19 Nov 2008

With homecamp fast approaching I spent some time last weekend reviving some CurrentCost hacking I started in the summer.

One of the downsides of the data connection on the CurrentCost is the need for an always-on computer in order to capture the data. In practice, the existence of low powered machines like the MPC-L, or slug, make this a pretty inconsequential downside. That said, it was enough motivation to see what I could do with an Arduino and Ethernet Shield.

I have previously mentioned that part of the setup used to graph the power data online was to publish the data to a broker-in-the-sky using MQTT. To achieve this with an arduino it was clear that I needed one thing in particular – an arduino that is capable of connecting and publishing to an MQTT server.

With my ethernet shield in hand, I set about implementing enough of the MQTT spec to support basic publishing and subscribing. With that working, I looked into getting the arduino and CurrentCost talking. Thanks to Alexis, this was very straightforward, although I did rework the parsing of the data to take advantage of its somewhat-fixed length format.

Here’s the sketch I ended up with:

#include <Ethernet.h>
#include <PubSubClient.h>
#include <SoftwareSerial.h>

byte mac[] = {  0xDE, 0xAD, 0xBE, 0xEF, 0xFE, 0xED };
byte ip[] = { 172, 16, 0, 50 };
byte server[] = { 172, 16, 0, 103 };

PubSubClient client(server, 1883,0);

#define rx 6
#define tx 7

SoftwareSerial softSerial =  SoftwareSerial(rx, tx);

void setup()  {
  pinMode(rx, INPUT);
  pinMode(tx, OUTPUT);
  softSerial.begin(9650);
  Ethernet.begin(mac, ip);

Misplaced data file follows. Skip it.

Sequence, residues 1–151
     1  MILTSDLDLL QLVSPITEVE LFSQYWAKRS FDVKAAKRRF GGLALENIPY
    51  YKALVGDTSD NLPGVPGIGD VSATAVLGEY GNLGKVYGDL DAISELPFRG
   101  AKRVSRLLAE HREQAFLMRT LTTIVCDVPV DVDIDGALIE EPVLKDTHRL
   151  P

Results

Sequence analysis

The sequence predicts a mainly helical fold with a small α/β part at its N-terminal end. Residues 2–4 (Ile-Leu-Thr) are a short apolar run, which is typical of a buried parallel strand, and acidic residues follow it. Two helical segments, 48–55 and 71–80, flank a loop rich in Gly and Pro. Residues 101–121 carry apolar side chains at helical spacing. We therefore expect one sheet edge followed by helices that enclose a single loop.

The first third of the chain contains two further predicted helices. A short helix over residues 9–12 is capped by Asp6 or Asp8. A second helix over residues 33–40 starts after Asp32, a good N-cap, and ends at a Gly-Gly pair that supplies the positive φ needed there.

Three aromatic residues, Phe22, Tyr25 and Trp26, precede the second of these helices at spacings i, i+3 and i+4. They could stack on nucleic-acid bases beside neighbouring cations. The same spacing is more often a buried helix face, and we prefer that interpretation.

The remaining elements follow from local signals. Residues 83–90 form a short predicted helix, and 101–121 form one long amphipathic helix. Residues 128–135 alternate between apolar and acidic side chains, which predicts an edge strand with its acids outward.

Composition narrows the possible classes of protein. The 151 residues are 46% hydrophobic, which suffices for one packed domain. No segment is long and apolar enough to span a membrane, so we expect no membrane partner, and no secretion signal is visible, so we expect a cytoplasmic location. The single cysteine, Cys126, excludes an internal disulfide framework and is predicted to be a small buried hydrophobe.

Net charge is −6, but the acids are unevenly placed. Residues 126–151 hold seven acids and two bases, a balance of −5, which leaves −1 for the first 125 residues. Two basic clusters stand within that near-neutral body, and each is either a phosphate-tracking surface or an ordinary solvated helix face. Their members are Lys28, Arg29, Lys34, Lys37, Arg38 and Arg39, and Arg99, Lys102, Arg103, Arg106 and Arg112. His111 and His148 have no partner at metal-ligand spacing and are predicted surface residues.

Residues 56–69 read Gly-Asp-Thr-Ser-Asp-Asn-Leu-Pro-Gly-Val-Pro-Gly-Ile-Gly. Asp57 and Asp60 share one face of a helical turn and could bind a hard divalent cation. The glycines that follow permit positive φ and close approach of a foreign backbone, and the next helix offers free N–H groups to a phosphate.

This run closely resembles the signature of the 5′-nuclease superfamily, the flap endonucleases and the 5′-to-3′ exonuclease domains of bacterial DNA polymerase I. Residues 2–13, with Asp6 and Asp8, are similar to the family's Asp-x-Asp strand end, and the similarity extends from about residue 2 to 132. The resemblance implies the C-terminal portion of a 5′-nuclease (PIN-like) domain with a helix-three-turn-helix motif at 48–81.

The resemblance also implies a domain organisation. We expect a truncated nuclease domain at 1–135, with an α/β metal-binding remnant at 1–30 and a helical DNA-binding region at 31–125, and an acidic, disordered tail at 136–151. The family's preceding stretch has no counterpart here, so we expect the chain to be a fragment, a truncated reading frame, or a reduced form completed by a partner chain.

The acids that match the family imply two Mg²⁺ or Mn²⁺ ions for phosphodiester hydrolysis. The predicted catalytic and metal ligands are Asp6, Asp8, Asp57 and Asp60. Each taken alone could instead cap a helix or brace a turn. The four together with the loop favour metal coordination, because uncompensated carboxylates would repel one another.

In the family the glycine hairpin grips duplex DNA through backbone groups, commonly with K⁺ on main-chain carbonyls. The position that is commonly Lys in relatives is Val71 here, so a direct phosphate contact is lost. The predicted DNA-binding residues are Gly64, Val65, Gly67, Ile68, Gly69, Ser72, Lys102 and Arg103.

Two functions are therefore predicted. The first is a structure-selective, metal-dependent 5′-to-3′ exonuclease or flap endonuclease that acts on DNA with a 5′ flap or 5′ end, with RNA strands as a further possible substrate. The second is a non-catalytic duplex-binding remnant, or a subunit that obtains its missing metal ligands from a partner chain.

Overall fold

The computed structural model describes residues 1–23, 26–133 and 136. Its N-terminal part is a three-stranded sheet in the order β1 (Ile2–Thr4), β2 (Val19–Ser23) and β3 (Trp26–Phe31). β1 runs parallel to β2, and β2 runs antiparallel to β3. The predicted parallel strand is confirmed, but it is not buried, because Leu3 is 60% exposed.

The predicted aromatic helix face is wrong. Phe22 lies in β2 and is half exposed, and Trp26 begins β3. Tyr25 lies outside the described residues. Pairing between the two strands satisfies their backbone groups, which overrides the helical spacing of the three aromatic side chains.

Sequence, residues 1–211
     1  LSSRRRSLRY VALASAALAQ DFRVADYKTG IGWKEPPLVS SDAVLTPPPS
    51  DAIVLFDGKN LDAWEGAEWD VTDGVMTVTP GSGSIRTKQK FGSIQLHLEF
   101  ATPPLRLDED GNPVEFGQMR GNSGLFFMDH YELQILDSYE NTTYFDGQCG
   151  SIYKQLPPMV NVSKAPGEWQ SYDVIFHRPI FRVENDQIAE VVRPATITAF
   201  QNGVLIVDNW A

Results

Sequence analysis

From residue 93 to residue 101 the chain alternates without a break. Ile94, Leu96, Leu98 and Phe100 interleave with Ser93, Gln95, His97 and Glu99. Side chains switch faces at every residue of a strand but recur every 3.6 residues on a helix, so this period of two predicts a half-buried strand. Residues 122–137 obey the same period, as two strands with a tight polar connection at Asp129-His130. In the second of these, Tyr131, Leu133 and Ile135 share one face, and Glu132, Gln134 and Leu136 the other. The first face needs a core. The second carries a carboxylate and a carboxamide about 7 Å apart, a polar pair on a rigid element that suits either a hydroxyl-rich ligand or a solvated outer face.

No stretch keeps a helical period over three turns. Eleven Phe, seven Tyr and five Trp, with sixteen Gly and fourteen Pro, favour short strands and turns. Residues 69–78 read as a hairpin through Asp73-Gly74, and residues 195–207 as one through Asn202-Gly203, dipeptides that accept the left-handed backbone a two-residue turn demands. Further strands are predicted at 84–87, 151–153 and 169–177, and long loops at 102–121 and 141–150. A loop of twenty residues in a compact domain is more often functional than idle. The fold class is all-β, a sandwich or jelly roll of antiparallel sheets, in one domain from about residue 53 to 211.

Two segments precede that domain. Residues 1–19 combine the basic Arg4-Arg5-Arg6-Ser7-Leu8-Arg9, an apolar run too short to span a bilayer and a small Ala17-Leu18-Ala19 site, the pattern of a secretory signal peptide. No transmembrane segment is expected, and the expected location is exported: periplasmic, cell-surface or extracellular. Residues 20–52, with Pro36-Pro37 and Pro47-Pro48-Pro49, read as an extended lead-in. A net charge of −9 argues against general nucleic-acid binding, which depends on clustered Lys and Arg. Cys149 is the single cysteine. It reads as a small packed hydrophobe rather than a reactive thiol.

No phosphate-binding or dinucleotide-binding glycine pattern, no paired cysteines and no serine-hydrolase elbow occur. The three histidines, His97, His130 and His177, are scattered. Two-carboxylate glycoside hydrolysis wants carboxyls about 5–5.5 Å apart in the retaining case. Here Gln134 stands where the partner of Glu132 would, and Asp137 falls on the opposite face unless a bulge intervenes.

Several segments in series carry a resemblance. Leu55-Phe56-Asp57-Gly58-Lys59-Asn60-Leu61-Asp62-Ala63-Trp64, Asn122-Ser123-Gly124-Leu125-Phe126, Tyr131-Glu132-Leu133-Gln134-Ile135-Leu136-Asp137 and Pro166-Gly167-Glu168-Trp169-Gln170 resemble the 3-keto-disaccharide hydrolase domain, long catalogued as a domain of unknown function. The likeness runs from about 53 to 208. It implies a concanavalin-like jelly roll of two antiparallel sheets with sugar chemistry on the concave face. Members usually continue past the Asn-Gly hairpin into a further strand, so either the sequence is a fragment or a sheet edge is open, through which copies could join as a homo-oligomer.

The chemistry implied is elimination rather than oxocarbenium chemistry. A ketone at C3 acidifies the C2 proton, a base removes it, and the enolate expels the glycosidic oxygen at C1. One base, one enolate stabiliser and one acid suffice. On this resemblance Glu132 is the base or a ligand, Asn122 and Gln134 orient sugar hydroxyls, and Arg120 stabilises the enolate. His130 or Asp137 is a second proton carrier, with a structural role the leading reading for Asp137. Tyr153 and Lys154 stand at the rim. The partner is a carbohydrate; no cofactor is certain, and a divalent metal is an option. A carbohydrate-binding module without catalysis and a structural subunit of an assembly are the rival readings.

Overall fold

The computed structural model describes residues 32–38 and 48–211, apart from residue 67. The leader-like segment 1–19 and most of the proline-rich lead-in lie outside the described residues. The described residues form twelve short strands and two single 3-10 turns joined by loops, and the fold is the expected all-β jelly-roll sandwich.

delay(500);
}

void connect() {
  while(!client.connect("nolcc")) {
    delay(10000);
  }
  delay(200);
}
  

int offset = -1;
void loop() {
  if (!client.connected()) {
    connect();
    offset = -1;
  }
  client.loop();

  // scan the data for <msg>
  while(offset == -1) {
    char c = ' ';
    while (c!='<') {
      c = softSerial.read();
    }
    if (softSerial.read()=='m' &&
        softSerial.read()=='s' && 
        softSerial.read()=='g' &&
        softSerial.read()=='>') {
      offset = 5;
    }
  }
  
  // skip to the current value
  while(offset < 156) {
    offset++;
    softSerial.read();
  }
  char current[5];
  int value = 0;
  for (int i=0;i<5;i++) {
    current[i] = softSerial.read();
  }
  offset += 5;
  
  // skip to the temperature value
  while(offset < 243) {
    offset++;
    softSerial.read();
  }
  char temp[5];
  for (int i=0;i<4;i++) {
    temp[i] = softSerial.read();
  }
  offset += 4;
  
  client.publish("current",(uint8_t*)current,5);
  client.publish("temp",(uint8_t*)temp,4);
  
  // scan for </msg>
  while(offset != -1) {
    char c = ' ';
    while (c!='<') {
      c = softSerial.read();
    }
    if (softSerial.read()=='/' && 
        softSerial.read()=='m' &&
        softSerial.read()=='s' &&
        softSerial.read()=='g' &&
        softSerial.read()=='>') {
      offset = -1;
    }
  }
}

It publishes each power reading to a topic called ‘current’ and each temperature reading to a topic called ‘temp’. This isn’t quite the right configuration for the existing broker setup, but it wouldn’t take much to modify it appropriately.

You’ll note this sketch isn’t much use without the library that does the MQTT bit. Luckily, I have been given permission to release the library to the world. I should stress at this point, in case it wasn’t obvious from the fact I am releasing this code on my personal site, that my employer has nothing to do with it.

You’ll find the Client for MQTT library here.

If you want an MQTT server to play with, go buy Lotus Expeditor to get your hands on a microbroker <gratuitous-plug />, or check out the links on mqtt.org for the Really Small Message Broker.

  1. pingback from Tinker it now! » Stuff and thingsNovember 20, 2008

  2. pingback from Tinker.it, ora… » Blog Archive » Stuff and thingsNovember 24, 2008

  3. pingback from CurrentCost MQTT Bridge « knollearyApril 4, 2011

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